Tuesday, November 24, 2009

Avon Foundation's Response

We receive emails from the Avon Foundation frequently because of being involved in the annual Avon Walk for Breast Cancer in Charlotte. This is one we'd like to share with everyone because it's a heated discussion in the news and on our minds...

Avon Foundation for Women Response to New U.S. Preventive Services Task Force (USPSTF) Mammography Recommendations

The Avon Foundation for Women strongly supports current mammography screening guidelines that have contributed to a 30% decrease in breast cancer mortality since 1990 when mammography screening became routine.

On November 16, 2009, the U.S. Preventive Services Task Force (USPSTF) recommended changing current mammography screening guidelines to begin biennial screening in women aged 50, discontinue screening for women over 75 years of age, and no longer promote self breast exam.

The Avon Foundation for Women advocates for empowering women of all ages by ensuring they have access to medical experts with whom to discuss breast health and the knowledge to make informed decisions with their doctors on breast health care, early detection screening for breast cancer, breast cancer risk and risk reduction strategies.
  • The Avon Foundation continues to support the guidelines recommended by expert groups American Cancer Society, American College of Radiology, Susan G. Komen for the Cure and others including that women get to know their own bodies through breast self awareness and immediately report any changes to their doctor, begin annual screening mammography at age 40, and continue annual screening mammography for as long as the woman is in good health.
  • Doctors must take time to conduct individualized risk assessments and provide appropriate guidance to women of all ages. It is more important than ever for women and doctors to have a comprehensive dialogue about the benefits, limitations, and potential harms of mammography, the risks of delaying mammography, and the value of being familiar with ones own body.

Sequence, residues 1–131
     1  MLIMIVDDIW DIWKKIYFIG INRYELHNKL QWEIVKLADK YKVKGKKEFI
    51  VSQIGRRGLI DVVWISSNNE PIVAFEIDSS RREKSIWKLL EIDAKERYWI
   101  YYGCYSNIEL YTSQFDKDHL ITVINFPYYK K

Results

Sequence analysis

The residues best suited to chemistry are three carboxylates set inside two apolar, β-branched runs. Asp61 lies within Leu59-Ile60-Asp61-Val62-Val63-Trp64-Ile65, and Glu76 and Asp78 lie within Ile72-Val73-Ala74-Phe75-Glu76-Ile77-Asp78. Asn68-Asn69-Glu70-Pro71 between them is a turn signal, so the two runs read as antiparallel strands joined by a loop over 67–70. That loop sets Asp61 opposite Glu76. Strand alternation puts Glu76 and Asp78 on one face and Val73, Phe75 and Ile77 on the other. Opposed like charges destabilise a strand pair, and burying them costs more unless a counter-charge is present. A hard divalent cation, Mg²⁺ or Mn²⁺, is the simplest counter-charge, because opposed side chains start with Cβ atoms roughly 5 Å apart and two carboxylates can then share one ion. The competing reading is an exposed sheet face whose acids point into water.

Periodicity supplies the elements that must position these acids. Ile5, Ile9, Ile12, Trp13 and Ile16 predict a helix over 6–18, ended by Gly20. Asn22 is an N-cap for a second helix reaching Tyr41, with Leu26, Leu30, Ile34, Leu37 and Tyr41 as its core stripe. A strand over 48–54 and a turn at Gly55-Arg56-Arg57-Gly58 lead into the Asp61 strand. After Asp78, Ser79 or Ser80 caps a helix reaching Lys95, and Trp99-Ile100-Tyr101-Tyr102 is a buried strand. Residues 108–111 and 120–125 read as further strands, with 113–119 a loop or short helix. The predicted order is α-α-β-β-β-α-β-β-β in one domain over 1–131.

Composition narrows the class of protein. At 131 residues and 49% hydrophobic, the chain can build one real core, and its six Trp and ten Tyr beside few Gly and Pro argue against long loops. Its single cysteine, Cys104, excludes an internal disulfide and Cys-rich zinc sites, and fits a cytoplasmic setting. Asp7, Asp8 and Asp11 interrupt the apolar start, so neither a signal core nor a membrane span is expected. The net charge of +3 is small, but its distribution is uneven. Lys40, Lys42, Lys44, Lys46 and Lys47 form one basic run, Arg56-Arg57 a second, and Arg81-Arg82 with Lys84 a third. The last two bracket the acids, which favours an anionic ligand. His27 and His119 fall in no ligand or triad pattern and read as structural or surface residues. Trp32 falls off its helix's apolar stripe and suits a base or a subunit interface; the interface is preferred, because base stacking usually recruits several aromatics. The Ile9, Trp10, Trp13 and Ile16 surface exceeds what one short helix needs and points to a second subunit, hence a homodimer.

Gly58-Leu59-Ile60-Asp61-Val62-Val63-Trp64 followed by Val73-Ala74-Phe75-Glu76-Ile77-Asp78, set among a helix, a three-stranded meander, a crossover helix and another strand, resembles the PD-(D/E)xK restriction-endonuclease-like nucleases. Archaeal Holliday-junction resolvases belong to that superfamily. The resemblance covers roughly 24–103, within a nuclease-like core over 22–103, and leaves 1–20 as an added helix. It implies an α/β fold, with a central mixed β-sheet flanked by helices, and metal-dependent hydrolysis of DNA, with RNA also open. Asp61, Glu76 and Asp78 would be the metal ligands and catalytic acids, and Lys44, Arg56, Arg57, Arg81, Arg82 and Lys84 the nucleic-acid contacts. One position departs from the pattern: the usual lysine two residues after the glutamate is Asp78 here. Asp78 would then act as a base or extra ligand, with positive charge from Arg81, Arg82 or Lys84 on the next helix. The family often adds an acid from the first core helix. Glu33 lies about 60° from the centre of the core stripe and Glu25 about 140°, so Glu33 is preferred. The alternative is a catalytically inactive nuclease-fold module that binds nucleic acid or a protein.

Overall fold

• Educational support, insurance coverage and government programs for early detection must not be jeopardized, as reductions would dramatically influence a woman’s breast health care decisions. The November 18 statement by Secretary of Health and Human Services, Kathleen Sebelius reiterating that the government’s policies remain unchanged and continue to support current mammography screening guidelines was welcome news to those like the Avon Foundation for Women who were concerned about possible ramifications of the USPSTF recommendations.
  • The lack of access to care for medically vulnerable populations continues to be a priority for the Avon Foundation. One third of all women who qualify for screening are already not being screened due to lack of access and barriers to screening and treatment. Resources to link women to providers include the Avon Foundation Breast Care Fund (www.avonbreastcare.org) and Avon Foundation Safety Net hospitals (www.avonfoundation.org/resourceguide).
  • The new USPSTF recommendations address concerns with current mammography technology and the level of scientific understanding about breast cancer disease progression, aggressiveness, and likelihood of metastasis. The Avon Foundation for Women continues its commitment to fund cutting-edge research to develop new tests for more accurate risk assessment, to better determine which women benefit from mammography, ultrasound or MRI screening, and accelerate advances in tumor analysis technology, to better determine the appropriate level of aggressiveness for treatment. Information about Avon Foundation funded grants in these categories can be accessed via this link, or visit the funding webpage for a full grant listing.

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